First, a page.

The re-formed band released Power in November 1986. The first single, "All I Wanted", became the last Kansas single to hit the Billboard Top 40 chart, peaking at No. 19. It also received considerable airplay on MTV. Two more singles, the title track and "Can't Cry Anymore", were less successful, "Power" hitting the lower end of the Hot 100 and getting substantial play and charting on the Rock Charts, but "Can't Cry Anymore" receiving little airplay despite a clever music video.

The band added New Orleans native Greg Robert on keyboards and back-up vocals at the suggestion of LeRoux's Leon Medica. Greg played his first show with Kansas on January 31, 1987 at Roberto Clemente Stadium in Puerto Rico. The new lineup released a second album, In the Spirit of Things, in October 1988. The concept album and subsequent tour were popular with the fan base but did not receive widespread airplay beyond the "Stand Beside Me" video on MTV. Morse temporarily left the band at the end of a tour of Germany in April 1989.

On September 15, 1990, Walsh, Williams and Ehart played a charity event at the Saddlerock Ranch in Malibu, California, alongside Saga, Lou Gramm (of Foreigner), Mr. Big, Eddie Money, Kevin Cronin (from REO Speedwagon) and others. Alex Lifeson joined them on stage for a short set of Kansas before Geddy Lee flew in to join Alex for a Rush set, with Ehart on drums subbing for Neil Peart.

In November 1990 a German promoter arranged to reunite all the original members of Kansas (except for Steinhardt) for a European tour. Greer joined them, along with keyboardist Greg Robert. At the end of the tour, Hope left again, but Livgren remained on into 1991.


1991–1997: Addition of David Ragsdale
In March 1991 violinist David Ragsdale (who had submitted a tape of his playing to Ehart several years earlier) was invited to join the group and the return of the violin allowed Kansas to perform earlier material in arrangements closer to the originals. Livgren left during the 1991 summer tour, to be replaced temporarily by Steve Morse again. After the tour, Morse left the band for good to return to his own projects and eventually become a member of Deep Purple, and Ragsdale took over the extra guitar parts, leaving Williams as the primary guitar player. The resulting lineup of Ehart, Greer, Ragsdale, Robert, Walsh and Williams lasted from 1991 to 1997. This period saw one live album and accompanying video, Live at the Whisky (July 1992), and one studio album, Freaks of Nature (May 1995).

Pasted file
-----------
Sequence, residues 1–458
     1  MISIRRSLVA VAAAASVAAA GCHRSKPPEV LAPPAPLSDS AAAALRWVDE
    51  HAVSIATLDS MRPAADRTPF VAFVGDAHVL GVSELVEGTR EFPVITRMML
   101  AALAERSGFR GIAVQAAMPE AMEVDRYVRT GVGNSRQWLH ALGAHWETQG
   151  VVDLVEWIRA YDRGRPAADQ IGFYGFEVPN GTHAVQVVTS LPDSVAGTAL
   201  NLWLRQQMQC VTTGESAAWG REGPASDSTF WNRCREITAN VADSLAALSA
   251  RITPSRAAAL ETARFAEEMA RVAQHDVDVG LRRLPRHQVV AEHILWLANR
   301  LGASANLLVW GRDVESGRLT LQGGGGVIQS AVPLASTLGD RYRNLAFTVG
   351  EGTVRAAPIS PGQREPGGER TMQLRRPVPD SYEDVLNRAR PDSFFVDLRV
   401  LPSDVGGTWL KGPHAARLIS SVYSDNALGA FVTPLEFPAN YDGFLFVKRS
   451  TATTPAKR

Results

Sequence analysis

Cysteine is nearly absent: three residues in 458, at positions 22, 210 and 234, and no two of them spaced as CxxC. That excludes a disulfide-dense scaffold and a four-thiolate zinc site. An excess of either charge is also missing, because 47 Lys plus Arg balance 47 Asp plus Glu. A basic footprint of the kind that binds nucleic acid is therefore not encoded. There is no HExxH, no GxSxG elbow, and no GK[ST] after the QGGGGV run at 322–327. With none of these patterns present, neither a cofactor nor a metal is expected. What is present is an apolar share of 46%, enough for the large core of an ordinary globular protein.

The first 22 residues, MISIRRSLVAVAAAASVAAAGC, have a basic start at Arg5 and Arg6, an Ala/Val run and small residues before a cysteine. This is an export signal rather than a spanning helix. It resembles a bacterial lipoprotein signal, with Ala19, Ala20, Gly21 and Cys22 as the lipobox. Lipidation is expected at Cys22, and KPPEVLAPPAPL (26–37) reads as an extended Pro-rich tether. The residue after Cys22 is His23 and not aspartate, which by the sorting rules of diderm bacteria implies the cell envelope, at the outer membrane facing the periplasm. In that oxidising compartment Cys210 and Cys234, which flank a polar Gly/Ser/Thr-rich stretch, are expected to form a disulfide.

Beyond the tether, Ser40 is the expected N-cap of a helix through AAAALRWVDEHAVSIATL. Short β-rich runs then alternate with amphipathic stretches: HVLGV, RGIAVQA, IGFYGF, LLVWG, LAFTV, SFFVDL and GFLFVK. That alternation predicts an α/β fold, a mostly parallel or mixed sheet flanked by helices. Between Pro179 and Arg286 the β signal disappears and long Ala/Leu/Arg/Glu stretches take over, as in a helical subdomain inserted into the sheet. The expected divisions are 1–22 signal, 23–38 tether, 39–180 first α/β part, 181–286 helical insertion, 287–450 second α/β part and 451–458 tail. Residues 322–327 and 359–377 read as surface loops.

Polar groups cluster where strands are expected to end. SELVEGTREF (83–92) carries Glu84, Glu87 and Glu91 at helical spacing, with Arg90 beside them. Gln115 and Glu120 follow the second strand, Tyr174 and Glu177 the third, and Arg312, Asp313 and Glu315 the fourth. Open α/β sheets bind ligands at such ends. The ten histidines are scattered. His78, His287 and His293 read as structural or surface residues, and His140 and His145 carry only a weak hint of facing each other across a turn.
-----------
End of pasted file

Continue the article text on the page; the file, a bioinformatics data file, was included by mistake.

During the fall of 1993, drummer Van Romaine (formerly of Blood Sweat and Tears and Steve Morse's band) came in to substitute for Ehart, who was taking care of the group's business and putting together The Kansas Boxed Set, which was released in July 1994. Bryan Holmes, from The Producers, likewise filled in for Ehart during the spring and summer of 1994 until that December, when Phil returned for a tour of Germany.

On July 28, 1995 Kansas was inducted into the Rock Walk of Fame in Hollywood.


1997–2006: Return of Robby Steinhardt
In early 1997, Robert and Ragsdale left the band, and Steinhardt returned.

In May 1998 Kansas released Always Never the Same, which featured Larry Baird conducting the London Symphony Orchestra. The album was a mix of older Kansas material (with new arrangements by Baird), several new songs, and a cover of "Eleanor Rigby".

Somewhere to Elsewhere, a new studio album released in July 2000, featured all the original members of Kansas, plus Greer, with all songs written by Kerry Livgren. That same summer, Kansas was the opening act for Yes during their "Masterworks" tour.

During the late 1990s and early 2000s, Livgren would occasionally attend Kansas shows and come on stage to play one or more songs with the band. At a March 9, 2002 concert at Lake Tahoe, he played the whole show, subbing for Rich Williams, who was "under the weather" and another live album and DVD from Kansas, entitled Device - Voice - Drum, which was recorded in the band's present home of Atlanta, was released on June 15, 2002.

Also in 2002, Kansas II (the lineup prior to the recording and release of Kansas' first album) released an album under the name Proto-Kaw, featuring demos and live material recorded from 1971 to 1973. This led to a new studio album, Before Became After (2004), with most of the Kansas II members participating. Proto-Kaw released a third album, The Wait of Glory, in 2006 and their fourth and final studio album, Forth, was released in 2011, after which the band ceased.


2006–2014: Continued touring and regained popularity
Kansas continued to tour every year. The 2006 tour was delayed for a few weeks due to Steinhardt's second departure in March and Ragsdale's subsequent return to the lineup.

In 2008 the Kansas website announced that four of the five members (Ehart, Ragsdale, Williams and Greer) had formed a side recording group called Native Window, and they released their self-titled debut album in June 2009.

In February 2009 Kansas recorded a concert in Topeka featuring a full symphony orchestra, with Larry Baird conducting. Morse and Livgren appeared as special guests on several songs. The performance was released on CD, DVD and Blu-ray as There's Know Place Like Home that October, and the DVD hit No. 5 on the Billboard Music Video Chart the week after its release.